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The Lamar County Human Resources Council’s Meals on Wheels program will serve hot dogs and canned drinks for $1 at Atwoods on Saturday May 18th from 10am to 4pm.
This partnering effort between LCHRC and Atwoods will directly benefit the Meals on Wheels program and their cause to end senior hunger in Lamar County and the surrounding.
You can come get two hot dogs and a canned drink for just $1 at the Atwoods parking lot at the intersection of Loop 286 and North Main Street.
All proceeds benefit Meals on Wheels.
The United Way of Lamar County is looking for volunteers for the Community Day of Caring this weekend.
Friday and Saturday, from 8 a.m. to noon, the United Way is partnering with Habitat for Humanity’s “A Brush With Kindness” program to paint a deserving local resident’s home.
“When everyone in the community works together, we have the power to accomplish more than any single group can on its own,” Executive Director April Carl said. “United Way of Lamar County supports that philosophy and is proud to promote Day of Caring events. These events are designed to connect resources to the people and groups that need a helping hand.”
The Community Day of Caring was originally established to promote volunteerism and increase awareness of local human service agencies, schools and community spaces, and to demonstrate what people working together for the community’s good can accomplish. Day of Caring events bring volunteers together with local individuals and nonprofit organizations to complete projects that may not otherwise get done.
“This is a great opportunity for individuals, church groups, businesses and others to offer a helping hand and a heart of service,” Carl said. “We are also seeking projects for local agencies and individuals. These projects need to require little or no skill to complete. Cleaning, painting and yard work are great opportunities for our volunteers and youth.”
For more information or to volunteer, contact the United Way at 903-784-6642 or email@example.com.
The Leadership Lamar County class of 2012-2013 will host the first annual co-ed softball tournament to benefit the Red River Valley Down Syndrome Society’s R.E.A.C.H. Center on May 17th & 18th at Wise Field.
The tournament is double elimination and there will be plaques awarded to 1st and 2nd place.
The Leadership class is encouraging team signups — registration deadline is Tuesday, May 14. The team registration fee is $200, and all proceeds benefit the Red River Valley Down Syndrome Society, so your playing for an amazing cause. Get your teams together and sign up.
For more information contact (903) 737-2327.
See the flyer for details.
The YWCA’s 52nd annual Paris Art Fair was held at the Red River Valley Fairgrounds this year, and the move didn’t seem to affect turnout much.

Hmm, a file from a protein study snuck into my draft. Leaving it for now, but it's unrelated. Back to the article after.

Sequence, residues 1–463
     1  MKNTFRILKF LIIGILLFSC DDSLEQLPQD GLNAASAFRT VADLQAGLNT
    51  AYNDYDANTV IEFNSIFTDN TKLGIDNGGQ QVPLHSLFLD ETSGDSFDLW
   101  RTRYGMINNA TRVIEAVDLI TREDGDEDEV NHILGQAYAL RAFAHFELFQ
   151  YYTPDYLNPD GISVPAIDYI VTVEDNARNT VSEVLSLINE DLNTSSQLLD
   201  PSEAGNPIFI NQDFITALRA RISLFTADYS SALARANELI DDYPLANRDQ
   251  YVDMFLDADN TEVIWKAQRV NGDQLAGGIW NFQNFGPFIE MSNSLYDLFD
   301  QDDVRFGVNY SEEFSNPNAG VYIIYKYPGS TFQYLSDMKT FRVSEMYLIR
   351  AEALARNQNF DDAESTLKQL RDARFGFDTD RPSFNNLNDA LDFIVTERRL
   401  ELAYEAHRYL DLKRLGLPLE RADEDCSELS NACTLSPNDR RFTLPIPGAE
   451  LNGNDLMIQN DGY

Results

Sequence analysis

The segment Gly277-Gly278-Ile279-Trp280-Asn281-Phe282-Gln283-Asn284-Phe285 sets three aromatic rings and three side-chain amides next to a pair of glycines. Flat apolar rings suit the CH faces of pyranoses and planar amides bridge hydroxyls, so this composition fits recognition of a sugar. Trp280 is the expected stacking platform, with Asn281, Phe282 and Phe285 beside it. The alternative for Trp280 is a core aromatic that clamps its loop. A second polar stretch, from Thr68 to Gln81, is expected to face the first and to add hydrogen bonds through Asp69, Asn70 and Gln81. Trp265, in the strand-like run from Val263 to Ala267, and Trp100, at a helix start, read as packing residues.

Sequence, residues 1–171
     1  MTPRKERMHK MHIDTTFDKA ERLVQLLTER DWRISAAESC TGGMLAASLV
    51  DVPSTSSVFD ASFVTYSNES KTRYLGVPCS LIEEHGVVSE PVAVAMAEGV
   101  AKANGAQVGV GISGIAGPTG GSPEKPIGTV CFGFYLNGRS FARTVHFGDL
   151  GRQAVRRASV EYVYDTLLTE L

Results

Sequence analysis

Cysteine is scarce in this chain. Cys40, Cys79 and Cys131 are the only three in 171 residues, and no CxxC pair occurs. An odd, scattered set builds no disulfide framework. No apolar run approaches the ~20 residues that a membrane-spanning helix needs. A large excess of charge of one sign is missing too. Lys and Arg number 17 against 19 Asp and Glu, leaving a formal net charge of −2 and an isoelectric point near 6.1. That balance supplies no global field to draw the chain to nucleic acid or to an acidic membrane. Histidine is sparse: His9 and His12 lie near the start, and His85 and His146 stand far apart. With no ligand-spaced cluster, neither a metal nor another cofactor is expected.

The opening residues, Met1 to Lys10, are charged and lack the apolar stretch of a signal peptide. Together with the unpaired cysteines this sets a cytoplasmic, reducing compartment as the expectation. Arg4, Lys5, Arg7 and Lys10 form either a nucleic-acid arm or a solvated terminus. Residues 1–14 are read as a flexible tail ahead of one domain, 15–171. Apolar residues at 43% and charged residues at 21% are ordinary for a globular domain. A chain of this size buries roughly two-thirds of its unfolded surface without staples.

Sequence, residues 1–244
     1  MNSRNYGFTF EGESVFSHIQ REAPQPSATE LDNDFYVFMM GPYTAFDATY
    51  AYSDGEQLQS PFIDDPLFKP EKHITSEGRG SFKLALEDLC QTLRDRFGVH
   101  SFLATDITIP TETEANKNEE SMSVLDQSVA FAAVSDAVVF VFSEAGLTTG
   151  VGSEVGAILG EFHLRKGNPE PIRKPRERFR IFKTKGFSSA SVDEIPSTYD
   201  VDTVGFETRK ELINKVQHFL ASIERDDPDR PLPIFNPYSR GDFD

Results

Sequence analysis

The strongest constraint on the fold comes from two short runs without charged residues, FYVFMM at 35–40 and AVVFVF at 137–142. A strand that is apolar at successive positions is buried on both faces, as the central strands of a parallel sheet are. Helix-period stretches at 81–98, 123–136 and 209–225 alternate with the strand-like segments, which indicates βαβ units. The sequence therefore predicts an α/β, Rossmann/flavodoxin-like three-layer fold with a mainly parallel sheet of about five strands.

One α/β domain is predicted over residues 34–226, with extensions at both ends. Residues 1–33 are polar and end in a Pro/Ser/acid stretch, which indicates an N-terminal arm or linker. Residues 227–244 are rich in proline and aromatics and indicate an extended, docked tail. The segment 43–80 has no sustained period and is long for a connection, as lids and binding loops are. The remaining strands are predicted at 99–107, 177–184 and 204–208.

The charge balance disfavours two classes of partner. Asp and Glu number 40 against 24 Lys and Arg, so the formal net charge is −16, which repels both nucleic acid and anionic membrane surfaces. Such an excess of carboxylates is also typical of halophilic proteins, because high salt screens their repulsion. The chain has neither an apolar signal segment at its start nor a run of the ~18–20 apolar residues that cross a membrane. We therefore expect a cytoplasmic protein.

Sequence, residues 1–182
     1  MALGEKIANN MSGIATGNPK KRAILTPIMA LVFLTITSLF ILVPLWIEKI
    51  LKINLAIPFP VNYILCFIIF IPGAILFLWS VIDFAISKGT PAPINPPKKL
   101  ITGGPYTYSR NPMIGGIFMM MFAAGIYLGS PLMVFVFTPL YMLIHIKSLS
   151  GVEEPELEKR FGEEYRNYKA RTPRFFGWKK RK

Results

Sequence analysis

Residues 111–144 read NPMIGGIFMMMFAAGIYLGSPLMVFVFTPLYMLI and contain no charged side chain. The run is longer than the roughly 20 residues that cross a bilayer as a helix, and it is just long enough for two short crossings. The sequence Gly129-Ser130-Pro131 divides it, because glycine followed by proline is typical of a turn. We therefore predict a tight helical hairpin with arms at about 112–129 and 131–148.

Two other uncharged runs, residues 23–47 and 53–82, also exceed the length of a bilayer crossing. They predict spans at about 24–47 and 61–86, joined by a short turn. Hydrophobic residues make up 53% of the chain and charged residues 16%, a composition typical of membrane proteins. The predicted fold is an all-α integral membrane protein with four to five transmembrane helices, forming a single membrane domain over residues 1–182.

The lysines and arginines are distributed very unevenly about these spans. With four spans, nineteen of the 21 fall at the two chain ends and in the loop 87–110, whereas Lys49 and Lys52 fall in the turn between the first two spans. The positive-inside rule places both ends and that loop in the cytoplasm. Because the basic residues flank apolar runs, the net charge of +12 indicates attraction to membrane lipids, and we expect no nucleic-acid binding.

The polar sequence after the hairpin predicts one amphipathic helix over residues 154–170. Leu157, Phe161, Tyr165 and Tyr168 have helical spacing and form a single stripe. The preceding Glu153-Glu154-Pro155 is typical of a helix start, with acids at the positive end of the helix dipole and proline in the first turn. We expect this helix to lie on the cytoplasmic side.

“It’s going great,” YWCA Director Angela Ward said. “There are lots of shade trees, lots of breeze. It’s a perfect day.”
In previous years, the event was held at Love Civic Center. But vendor surveys indicated a need for more room, and price increases at the civic center helped in the decision.
“The atmosphere of the fair grounds is more conducive to the art fair,” Ward said. “It was a good move.”
YWCA plans to remain at the fair grounds for next year’s event.
The art fair drew about 150 vendors, including artists, concessions and live entertainment.
“We’ve got a few more than last year,” Ward said. “We have a lot of new vendors.”
A number of Paris’ youngest bicycle enthusiasts are a little safer today thanks to Saturday’s Bicycle Rodeo.
“It’s really great. I started this project to promote bicycle safety,” said Sahil Prakash, a sixth-grade Crockett Middle School student who engineered the event at Love Civic Center. “The earlier you learn bike safety, the better you get it.”
The rodeo started with Sahil’s first-place Texas Future Problem Solving winner Project BIKE (Preventing Bike Injuries Keeping Everyone Safe), a program designed to encourage and promote bike riding and safety.
His efforts received attention from much of the community, including Lamar-Delta County Medical Association, Texas Medical Association, Transform North Texas, the police and fire departments and the Texas Department of Transportation. He even took his presentation to the Paris City Council.
It also earned his parents’ approval.
“He’s worked very hard for the last year. The best part for me is knowing he’s got the giving attitude. He’s doing this for the community,” father Dr. Chris Prakash said. “It’s a good start. Hopefully, he’ll keep this going for the next several years.”
Chilly, windy weather kept the numbers down somewhat, but that didn’t keep it from being a success. Sahil said he enjoyed seeing the people learning bicycle safety and working together toward a common goal.
“This will be an annual event. This was a trail. I’ll know how to make it bigger and better,” Sahil said. “I learned I can do it in a bigger area, maybe a parking lot. I learned I can have more courses. This one went through pretty quick. I’ll get more donations and more helmets.”
The courses included a straightaway, slalom and a zig-zag where bikers practiced turning signals and stopping.